Just some days ago I finished the Hungarian translation of Umberto Eco’s collected conference papers – or, as he calls them, “casual writings”: Costruire il nemico, “Constructing the enemy”. The source of the title was that personal experience of Eco when the Pakistani taxi driver in New York tried to place on his mental map the unfamiliar land of Italy by asking him who their traditional enemies are.
Believe or not, the same was asked of me two weeks ago by the taxi driver in Azerbaijan. It seems that besides the classical example of anthropology – when two New Guinean natives from two different tribes meet by chance, they must find at least one common ancestor, even if mythical, lest they should kill each other – a common enemy is also able to create harmony and patting on the back between strangers. For this truth we certainly do not have to go far, but the Caucasus has such long-established traditions of constructing the enemy that if Eco had been aware of them, he should have not reused his well known examples taken from Ginzburg, Wagner or Céline.
But this reuse is also part of the conference paper genre. The audience does not expect something radically new, they love if the evening is made homely by evoking what they have already read, and this is not against the will of Eco either. As he points it out in the introduction: “one of the virtues of a casual writing is that it does not force you to be original at any cost, but simply wants to entertain both him who speaks and who listens to him”. The themes and texts well known from the books of the previous years reemerge one after the other in the essays – probably also indicating on which book the master was just working –, such as the inventories of medieval church treasuries from On Beauty, the topoi of the enemy’s deformity from On Ugliness, Victor Hugo’s never ending lists and Gargantua’s games from The Infinity of Lists, the imaginary worlds and lost islands from Baudolino and The Island of the Day Before.
But Eco is also capable of new stunts with the old texts. In the lengthiest writing of this volume, which received the suggestive title Hugo, alas! he shows with quotations flowing over long pages how many rhetorical devices are used by Victor Hugo to create exaggeration and increase it beyond all imaginable borders, so that finally it becomes epic and sublime for the baffled and crushed reader. And in the following essay “I am Edmond Dantès!” Eco also tries to achieve something similar. After a detailed and delightful analysis on the most important rhetorical tool of the feuilletons, the unexpected recognition of the actors and its subclasses, he composes a collage from the big scenes of recognition in the works of Dumas, Hugo, Ponson du Terrail and others, running incessantly over ten pages. And this endless firework has a perfect effect also without any knowledge of the persons and the context: we read it with excitement, no matter how long it is.
The essay Velinas and silence, on the other hand, is only six pages long, nevertheless it makes the translator work hard, as he has to provide with a multitude of footnotes the memes referring to the Italian domestic affairs of 2009, beginning with the velinas featured in the title. This word, which originally meant the fine paper used for multiplication by typewriting – does it exist any more? – first changed its meaning during the years of Fascism when the “Ministry of People’s Culture” (MinCulPop) informed through such messages the editorials on what may and what may not be published. Henceforth, velina also meant such instructions from a higher place and in a figurative sense the very censorship as well. Later, from 1988 the TV show Striscia la notizia – which has by now grown into one of the most watched programs in Italy – set on the stage beautiful girls who, running on skates, delivered typewritten messages to the two comic-presenters, and consequently they were also called velinas. The meaning of the word was further expanded – and even the version velinismo created – in 2009, when Berlusconi’s party, quite cynically, nominated exclusively erotic actresses, singers, TV presenters and even reality show participants for the European parliamentary elections. Eco points out a deep relationship between the apparently disparate meanings of the word:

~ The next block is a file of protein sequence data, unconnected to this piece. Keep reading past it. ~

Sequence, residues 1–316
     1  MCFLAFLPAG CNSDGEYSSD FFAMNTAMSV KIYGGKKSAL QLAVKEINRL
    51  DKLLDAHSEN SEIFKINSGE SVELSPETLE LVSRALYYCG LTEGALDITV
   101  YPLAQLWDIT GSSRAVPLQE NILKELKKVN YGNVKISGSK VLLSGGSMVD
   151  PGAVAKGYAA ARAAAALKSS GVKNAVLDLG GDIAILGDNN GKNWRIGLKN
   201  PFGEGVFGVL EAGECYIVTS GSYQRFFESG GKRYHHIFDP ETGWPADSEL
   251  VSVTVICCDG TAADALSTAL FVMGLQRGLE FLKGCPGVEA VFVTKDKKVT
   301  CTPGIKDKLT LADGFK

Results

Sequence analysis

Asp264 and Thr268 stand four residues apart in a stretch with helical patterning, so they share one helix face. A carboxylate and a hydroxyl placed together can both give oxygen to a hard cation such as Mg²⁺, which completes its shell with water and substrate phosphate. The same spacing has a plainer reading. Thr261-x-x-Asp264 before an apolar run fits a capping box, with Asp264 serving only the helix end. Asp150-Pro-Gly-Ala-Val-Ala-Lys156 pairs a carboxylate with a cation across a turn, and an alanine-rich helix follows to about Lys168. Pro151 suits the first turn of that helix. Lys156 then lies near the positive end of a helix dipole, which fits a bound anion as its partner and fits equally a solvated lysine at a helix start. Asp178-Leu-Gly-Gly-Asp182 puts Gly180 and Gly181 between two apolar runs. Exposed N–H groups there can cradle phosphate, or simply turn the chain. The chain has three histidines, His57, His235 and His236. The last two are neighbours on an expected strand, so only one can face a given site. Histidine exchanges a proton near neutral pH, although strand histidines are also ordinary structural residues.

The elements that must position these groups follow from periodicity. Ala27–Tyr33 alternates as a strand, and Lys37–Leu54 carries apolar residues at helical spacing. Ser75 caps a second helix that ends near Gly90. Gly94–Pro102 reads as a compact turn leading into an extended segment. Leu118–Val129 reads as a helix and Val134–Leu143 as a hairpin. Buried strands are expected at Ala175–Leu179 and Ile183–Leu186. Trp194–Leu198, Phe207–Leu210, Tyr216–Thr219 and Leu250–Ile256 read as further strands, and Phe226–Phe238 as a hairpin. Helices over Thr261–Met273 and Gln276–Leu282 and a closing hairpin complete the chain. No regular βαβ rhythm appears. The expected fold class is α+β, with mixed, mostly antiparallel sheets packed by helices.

The velina once became in the journalist jargon a symbol of censorship, silence and disappearance. However, the velinas of today, as it is well known, are just the opposite of that: the icons of appearance and visibility, and even the symbols of fame achieved by mere visibility which are made prominent only by their appearance. So we have two forms of velinismo, which correspond to two forms of censorship. The first is censorship by silence, while the second by noise, the means of the latter being TV shows, media and so on. If the velinas of the past said: “To prevent deviant behavior, you must not talk about it”, modern velinismo says: “In order not to talk about deviant behavior, one must speak a lot about other things”. The noise that covers up reality.
But Eco would not be Eco if he had no surprise in store for the translator. The night before the completion of the translation two absolutely recent writings – one about the Wikileaks affair – came as an addition, thus increasing the timeliness of the volume. But I would have been surprised if it did not happen so. As I mentioned, the Italian publisher is editing the original text of Eco’s works while the translators work on the international versions, in order to publish it in all languages at the same time, and the master actively takes part in the process of the edition. So throughout the translation you can expect casual e-mails containing changes and additions which lends a specially Ecoesque meaning to the word velina.